Leakage Associated With Urinary Catheter Usage

Robert Theriault, BSN, RN; Peggy Ward-Smith, PhD, RN; Charles Soper, MB, MRCP


Urol Nurs. 2012;32(6):307-312. 

In This Article

A Conceptual Approach to the Cause and the Management of Catheter Leakage

Catheter leakage associated with occlusion of the catheter lumen due to encrustation, debris, blood clots, or kinked drainage tube has been identified in the literature. It has not yet been possible to correlate indwelling bladder cathe ter leakage with bladder spasms. One aim of this article is to begin to bridge this knowledge gap. The result of the literature review provides hypotheses related to indwelling bladder catheter leakage and bladder spasms, but the suggested methods of managing this problem have not undergone rigorous testing. These data are needed to provide evidencebased care, rather than treatment that is based on trial and error.

The authors hypothesize that one cause of indwelling urinary catheter leakage when associated with bladder spasms has yet to be identified. Thus, the authors hypothesize that a modification in bladder catheter design will alleviate this adverse effect. It is hoped that health professionals involved in research and medical device companies will consider this new concept in their research.

Normal Bladder Physiology

It is important to acknowledge that air is never normally present inside the bladder. Diagrams within health literature generally provide images of a catheterized bladder showing urine in the lower half and air in the upper half (Cruickshank & Woodward, 2001; Getliffe & Dolman, 2003; Nazarko, 2010). These diagrams suggest that urine drains through the catheter lumen and is replaced by air. This is not accurate; anatomy documents by Tortora and Grabowski (2008) demonstrate that an empty bladder is collapsed on itself. When empty, the bladder is then not hollow, and thus, cannot contain air.

Physiology of a Catheterized Bladder

When an indwelling bladder catheter is present, the bladder is unable to collapse entirely, prevented by the presence of the catheter tip and balloon. A pool of urine remains around a catheter within a free drainage system. Because an emptying bladder collapses on itself, the catheter tip, within a free drainage catheter system, does not remain straight. When the bladder deflates, its volume shrinks until it touches the catheter tip, resulting in a kink. The two catheter eyes are then occluded (see Figure 1). It is suggested that this enforced kinking of the catheter tip is the fundamental cause of leakage associated with bladder spasms. It is also suggested that when a urethral catheter is used, the pressure of organs above the bladder, called abdominal pressure in urodynamics, keeps the catheter tip kinked even as the bladder fills. In this case, the bladder volume increases horizontally but not vertically because the abdominal pressure prevents the bladder from lifting during the filling phase. When a detrusor contraction occurs, the only way for urine to be excreted is between the catheter shaft and the urethra mucosa because the catheter tip is kinked, blocking the eyes. This is usually accompanied by painful bladder contractions due to extra effort from the bladder to evacuate the urine. When the urethra is very tight around the catheter, contractions of the bladder can be ineffective in expulsing the urine. This results in an acute retention, which requires urgent intervention( s).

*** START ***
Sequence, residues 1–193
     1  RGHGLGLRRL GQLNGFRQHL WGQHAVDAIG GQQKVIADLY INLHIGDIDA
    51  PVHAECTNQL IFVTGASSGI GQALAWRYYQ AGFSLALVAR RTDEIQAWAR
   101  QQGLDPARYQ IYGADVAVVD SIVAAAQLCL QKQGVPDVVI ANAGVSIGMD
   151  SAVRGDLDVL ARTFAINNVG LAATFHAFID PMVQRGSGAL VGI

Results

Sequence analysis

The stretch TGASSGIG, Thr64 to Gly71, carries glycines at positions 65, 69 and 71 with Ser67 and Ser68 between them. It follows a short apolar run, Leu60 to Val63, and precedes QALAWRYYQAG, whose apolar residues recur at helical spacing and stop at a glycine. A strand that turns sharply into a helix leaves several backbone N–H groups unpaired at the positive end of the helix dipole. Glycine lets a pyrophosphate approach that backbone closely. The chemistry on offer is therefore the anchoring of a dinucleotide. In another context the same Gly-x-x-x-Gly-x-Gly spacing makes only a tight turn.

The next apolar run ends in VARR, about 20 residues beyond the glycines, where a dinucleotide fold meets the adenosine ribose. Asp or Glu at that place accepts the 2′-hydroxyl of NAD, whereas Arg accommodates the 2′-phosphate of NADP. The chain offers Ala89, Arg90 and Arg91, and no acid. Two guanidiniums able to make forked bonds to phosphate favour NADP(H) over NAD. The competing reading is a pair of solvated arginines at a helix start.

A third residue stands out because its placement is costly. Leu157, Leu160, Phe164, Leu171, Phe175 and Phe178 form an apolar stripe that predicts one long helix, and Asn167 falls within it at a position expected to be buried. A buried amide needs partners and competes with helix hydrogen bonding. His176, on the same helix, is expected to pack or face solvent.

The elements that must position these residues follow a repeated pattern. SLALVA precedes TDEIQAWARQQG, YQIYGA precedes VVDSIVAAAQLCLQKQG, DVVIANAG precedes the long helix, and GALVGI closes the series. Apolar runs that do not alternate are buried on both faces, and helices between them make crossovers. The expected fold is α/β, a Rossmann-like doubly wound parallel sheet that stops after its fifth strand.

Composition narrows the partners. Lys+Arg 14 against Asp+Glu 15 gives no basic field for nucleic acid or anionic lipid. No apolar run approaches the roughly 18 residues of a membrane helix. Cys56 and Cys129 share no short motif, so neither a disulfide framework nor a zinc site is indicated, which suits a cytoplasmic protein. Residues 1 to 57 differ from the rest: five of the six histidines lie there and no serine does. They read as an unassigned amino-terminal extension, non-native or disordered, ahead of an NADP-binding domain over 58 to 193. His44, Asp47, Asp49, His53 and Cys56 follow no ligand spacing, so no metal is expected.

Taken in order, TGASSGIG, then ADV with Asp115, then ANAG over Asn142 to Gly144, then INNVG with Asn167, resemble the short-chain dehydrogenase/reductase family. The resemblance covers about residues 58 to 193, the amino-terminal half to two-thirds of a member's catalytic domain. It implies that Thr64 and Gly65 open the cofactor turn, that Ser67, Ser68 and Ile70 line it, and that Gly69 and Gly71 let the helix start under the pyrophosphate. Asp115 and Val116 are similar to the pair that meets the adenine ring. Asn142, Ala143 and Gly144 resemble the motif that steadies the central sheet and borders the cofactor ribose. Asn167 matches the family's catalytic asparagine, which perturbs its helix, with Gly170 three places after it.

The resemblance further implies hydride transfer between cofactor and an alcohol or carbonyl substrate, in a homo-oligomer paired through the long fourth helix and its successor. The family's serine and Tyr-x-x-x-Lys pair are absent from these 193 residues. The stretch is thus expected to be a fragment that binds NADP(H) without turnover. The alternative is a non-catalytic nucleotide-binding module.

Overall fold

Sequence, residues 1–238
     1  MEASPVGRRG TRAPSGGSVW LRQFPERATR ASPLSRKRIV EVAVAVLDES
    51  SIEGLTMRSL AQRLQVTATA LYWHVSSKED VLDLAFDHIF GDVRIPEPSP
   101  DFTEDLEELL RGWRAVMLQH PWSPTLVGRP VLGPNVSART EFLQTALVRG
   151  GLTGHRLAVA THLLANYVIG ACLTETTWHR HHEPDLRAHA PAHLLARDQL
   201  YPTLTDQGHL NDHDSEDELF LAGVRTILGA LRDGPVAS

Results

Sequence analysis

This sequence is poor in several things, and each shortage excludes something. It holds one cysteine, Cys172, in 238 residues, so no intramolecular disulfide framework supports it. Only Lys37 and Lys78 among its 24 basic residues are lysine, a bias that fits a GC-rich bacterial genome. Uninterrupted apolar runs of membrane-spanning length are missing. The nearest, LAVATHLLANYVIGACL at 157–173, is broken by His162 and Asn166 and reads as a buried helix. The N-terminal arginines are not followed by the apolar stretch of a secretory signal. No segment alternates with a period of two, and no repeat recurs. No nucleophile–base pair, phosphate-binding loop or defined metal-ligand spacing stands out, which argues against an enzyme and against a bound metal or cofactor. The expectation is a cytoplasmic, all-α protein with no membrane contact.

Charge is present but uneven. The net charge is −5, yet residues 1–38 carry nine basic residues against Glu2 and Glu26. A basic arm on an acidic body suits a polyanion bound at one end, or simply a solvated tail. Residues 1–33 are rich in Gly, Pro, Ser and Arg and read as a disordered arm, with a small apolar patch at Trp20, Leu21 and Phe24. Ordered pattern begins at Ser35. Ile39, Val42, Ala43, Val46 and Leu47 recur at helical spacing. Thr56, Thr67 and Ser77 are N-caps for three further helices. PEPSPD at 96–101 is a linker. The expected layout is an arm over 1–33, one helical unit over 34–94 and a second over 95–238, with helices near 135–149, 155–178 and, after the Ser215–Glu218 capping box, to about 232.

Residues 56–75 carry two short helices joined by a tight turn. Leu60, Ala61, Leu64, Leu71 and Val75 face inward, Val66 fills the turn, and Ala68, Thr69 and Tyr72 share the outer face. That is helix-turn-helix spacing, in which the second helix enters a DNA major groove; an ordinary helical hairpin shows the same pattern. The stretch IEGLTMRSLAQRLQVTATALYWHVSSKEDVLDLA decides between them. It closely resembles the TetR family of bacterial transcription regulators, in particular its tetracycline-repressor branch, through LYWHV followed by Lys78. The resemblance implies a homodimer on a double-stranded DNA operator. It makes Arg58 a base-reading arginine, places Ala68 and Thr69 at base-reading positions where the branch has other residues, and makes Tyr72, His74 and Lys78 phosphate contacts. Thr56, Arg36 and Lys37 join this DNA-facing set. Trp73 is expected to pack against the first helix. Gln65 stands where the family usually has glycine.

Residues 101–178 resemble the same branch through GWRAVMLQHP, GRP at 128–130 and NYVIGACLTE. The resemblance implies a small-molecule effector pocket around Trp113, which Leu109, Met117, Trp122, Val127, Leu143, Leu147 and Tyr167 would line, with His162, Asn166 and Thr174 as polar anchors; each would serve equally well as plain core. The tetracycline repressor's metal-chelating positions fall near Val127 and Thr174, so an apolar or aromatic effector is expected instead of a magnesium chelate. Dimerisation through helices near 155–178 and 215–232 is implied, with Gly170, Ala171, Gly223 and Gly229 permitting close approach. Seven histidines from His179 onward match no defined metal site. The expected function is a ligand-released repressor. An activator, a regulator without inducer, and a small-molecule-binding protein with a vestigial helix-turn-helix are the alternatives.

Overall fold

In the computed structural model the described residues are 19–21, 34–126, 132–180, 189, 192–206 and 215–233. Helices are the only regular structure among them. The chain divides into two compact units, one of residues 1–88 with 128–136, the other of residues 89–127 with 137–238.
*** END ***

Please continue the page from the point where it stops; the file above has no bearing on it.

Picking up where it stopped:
Figure 1.

Empty Bladder Collapses on Itself and Occludes the Two Catheter Eyes

The authors have clinically determined that changing the catheter site from urethral to suprapubic usually diminishes or prevents leakage. In a suprapubic placement, the catheter tip is positioned horizontally, which is then not affected by the abdominal pressure. However, even in the presence of a suprapubically placed catheter, leakage can occur when the bladder becomes small and atrophic, and in the opinion of these authors, does not provide enough space for the catheter tip to remain straight.